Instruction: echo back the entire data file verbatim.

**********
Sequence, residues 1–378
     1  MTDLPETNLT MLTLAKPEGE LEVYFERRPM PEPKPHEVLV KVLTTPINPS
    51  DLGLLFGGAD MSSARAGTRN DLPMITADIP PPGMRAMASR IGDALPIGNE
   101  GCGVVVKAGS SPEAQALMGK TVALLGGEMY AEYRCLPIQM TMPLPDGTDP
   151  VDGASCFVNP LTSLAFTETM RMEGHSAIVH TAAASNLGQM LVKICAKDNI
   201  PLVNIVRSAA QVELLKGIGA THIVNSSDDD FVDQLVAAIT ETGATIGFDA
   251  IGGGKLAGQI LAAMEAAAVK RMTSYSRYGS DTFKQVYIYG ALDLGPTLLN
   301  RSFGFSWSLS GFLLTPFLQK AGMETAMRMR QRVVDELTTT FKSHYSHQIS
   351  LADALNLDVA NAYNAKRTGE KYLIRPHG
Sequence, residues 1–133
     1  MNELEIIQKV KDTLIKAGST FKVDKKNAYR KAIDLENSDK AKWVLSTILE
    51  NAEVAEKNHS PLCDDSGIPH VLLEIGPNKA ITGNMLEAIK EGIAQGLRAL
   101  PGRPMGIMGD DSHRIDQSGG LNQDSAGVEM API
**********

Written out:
Sequence, residues 1–378
     1  MTDLPETNLT MLTLAKPEGE LEVYFERRPM PEPKPHEVLV KVLTTPINPS
    51  DLGLLFGGAD MSSARAGTRN DLPMITADIP PPGMRAMASR IGDALPIGNE
   101  GCGVVVKAGS SPEAQALMGK TVALLGGEMY AEYRCLPIQM TMPLPDGTDP
   151  VDGASCFVNP LTSLAFTETM RMEGHSAIVH TAAASNLGQM LVKICAKDNI
   201  PLVNIVRSAA QVELLKGIGA THIVNSSDDD FVDQLVAAIT ETGATIGFDA
   251  IGGGKLAGQI LAAMEAAAVK RMTSYSRYGS DTFKQVYIYG ALDLGPTLLN
   301  RSFGFSWSLS GFLLTPFLQK AGMETAMRMR QRVVDELTTT FKSHYSHQIS
   351  LADALNLDVA NAYNAKRTGE KYLIRPHG
Sequence, residues 1–133
     1  MNELEIIQKV KDTLIKAGST FKVDKKNAYR KAIDLENSDK AKWVLSTILE
    51  NAEVAEKNHS PLCDDSGIPH VLLEIGPNKA ITGNMLEAIK EGIAQGLRAL
   101  PGRPMGIMGD DSHRIDQSGG LNQDSAGVEM API